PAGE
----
Red Card Campaign
Join us in committing to end all forms of discrimination and violence against women and girls.
“There is no more effective development tool than empowering women.”
- Kofi Annan
What is celebrated today as Africa Day was initially African Liberation Day, so named to mark the day when the Organization of African Unity (the OAU) was formed when thirty newly independent nations in Africa came together to sign a groundbreaking charter to be united in an organization and to collectively support the struggles of freedom fighters in South Africa, Angola, Mozambique, and Southern Rhodesia.
This meeting took place in Addis Ababa, Ethiopia on 25 May 1963 resulting in 25 May being declared Africa Day. In 2002 African Liberation Day was renamed Africa Day.
Today, with all fifty-four countries in Africa becoming independent, in addition in celebrating the creation of the African Union, Africa Day has become an occasion to celebrate the wonderful and diverse cultures of Africa, including its music, art, fashions, unique fabric designs, dance, cuisines, its sporting accomplishments, and technological advancement. Africa Day is celebrated in many capitals around the world.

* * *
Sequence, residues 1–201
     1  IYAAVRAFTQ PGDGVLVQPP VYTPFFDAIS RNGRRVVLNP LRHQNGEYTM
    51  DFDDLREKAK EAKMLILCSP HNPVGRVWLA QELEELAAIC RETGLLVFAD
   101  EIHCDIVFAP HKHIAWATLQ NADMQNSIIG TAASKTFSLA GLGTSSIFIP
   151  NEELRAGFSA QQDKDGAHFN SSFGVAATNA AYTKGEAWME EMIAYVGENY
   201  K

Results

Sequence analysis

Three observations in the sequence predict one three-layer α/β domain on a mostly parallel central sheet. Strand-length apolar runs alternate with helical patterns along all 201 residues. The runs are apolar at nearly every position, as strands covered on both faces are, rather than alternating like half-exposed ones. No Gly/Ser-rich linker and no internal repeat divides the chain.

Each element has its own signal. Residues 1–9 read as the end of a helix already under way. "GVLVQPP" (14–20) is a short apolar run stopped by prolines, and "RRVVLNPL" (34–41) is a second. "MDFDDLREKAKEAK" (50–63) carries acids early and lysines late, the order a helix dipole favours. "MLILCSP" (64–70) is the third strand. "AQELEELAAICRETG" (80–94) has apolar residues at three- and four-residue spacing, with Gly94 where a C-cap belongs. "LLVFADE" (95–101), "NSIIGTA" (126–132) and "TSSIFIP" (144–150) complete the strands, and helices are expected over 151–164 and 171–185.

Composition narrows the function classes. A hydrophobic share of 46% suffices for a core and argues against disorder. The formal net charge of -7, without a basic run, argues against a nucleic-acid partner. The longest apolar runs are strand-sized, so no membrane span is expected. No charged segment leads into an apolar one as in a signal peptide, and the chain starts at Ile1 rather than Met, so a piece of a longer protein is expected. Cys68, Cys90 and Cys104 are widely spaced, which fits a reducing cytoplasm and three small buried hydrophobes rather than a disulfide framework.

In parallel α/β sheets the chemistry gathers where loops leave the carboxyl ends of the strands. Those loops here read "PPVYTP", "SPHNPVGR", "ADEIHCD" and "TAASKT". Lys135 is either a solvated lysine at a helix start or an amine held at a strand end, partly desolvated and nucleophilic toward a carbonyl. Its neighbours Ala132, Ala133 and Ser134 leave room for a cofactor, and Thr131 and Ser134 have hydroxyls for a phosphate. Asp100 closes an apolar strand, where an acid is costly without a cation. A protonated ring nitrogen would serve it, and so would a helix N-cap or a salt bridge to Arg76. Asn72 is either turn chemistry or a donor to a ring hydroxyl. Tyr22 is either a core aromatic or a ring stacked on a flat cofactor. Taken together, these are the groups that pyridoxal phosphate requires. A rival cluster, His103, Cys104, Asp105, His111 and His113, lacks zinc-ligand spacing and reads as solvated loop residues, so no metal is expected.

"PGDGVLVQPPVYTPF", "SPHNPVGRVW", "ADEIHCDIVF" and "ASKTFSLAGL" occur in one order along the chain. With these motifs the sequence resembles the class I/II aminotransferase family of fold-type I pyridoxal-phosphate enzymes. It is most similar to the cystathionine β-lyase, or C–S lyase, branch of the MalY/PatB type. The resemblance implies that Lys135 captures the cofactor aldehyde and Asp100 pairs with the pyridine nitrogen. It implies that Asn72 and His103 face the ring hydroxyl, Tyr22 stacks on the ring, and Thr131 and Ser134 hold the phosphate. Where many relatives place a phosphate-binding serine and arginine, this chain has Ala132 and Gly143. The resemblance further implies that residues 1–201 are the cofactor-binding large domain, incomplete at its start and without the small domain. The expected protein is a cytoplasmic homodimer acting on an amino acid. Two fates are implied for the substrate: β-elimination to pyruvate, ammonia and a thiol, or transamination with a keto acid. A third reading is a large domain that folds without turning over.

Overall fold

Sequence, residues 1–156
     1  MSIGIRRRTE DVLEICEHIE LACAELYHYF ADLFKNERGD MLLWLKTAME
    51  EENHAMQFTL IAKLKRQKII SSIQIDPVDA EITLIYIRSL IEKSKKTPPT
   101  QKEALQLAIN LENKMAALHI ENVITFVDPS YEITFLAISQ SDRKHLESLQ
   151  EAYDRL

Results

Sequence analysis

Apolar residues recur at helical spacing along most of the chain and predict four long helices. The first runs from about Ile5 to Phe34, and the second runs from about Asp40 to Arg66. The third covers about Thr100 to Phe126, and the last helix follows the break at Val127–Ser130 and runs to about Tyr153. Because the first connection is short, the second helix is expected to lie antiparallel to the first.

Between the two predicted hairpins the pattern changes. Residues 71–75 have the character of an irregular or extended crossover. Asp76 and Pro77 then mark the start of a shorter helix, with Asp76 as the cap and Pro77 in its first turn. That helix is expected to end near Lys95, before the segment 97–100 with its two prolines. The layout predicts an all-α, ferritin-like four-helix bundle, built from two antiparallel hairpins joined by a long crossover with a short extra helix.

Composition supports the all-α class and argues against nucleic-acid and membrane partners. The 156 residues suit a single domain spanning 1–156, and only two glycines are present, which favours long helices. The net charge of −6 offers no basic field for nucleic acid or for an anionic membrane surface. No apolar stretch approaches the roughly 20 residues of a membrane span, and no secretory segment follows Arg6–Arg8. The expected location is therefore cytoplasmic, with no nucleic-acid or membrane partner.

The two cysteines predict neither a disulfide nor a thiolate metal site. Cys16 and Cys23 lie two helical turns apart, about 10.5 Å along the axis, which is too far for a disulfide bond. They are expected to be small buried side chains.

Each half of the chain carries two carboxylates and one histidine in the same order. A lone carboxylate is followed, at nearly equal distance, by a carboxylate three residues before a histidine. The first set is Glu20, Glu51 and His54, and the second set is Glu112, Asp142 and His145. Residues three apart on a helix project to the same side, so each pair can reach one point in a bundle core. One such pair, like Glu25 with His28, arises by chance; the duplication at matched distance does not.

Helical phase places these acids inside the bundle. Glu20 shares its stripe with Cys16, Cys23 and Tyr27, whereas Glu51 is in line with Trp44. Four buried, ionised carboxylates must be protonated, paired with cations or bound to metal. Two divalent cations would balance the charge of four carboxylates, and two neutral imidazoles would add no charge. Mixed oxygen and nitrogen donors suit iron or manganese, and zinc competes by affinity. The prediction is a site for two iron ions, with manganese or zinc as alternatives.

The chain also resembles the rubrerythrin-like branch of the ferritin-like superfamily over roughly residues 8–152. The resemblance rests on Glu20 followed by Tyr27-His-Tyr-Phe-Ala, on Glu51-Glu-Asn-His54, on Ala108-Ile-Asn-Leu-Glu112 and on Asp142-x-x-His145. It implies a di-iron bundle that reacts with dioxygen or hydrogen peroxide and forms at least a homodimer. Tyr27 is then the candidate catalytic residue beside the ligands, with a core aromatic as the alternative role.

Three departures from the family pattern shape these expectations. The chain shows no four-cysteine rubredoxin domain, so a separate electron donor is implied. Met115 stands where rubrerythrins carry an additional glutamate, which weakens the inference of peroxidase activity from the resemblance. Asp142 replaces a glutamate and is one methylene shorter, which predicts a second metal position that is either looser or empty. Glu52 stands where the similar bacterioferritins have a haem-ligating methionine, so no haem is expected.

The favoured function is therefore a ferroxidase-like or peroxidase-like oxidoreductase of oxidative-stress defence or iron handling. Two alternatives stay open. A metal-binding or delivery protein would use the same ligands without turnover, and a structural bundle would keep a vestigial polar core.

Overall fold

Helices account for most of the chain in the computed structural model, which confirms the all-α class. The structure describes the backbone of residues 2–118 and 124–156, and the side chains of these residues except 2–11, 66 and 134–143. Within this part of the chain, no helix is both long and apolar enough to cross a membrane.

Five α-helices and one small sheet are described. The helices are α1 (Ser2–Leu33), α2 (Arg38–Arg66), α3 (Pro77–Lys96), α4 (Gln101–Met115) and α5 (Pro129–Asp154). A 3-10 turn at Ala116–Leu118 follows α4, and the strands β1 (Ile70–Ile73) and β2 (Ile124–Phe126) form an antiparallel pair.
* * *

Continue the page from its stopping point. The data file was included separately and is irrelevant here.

The African Renaissance and Diaspora Network was among the first organizations in New York City and certainly within the Diplomatic Community to celebrate Africa day. For several years now that task had fallen to the African Union Observer Mission to the UN and their gala event At the Manhattan Center had become a feature in the Diplomatic calendar. Unfortunately, due to the Covid-19 pandemic and the restrictions implemented the Gala celebratory events were not held in 2020 and 2021.
This year’s programme will be dedicated to the youths and young adults of Africa and the Diaspora.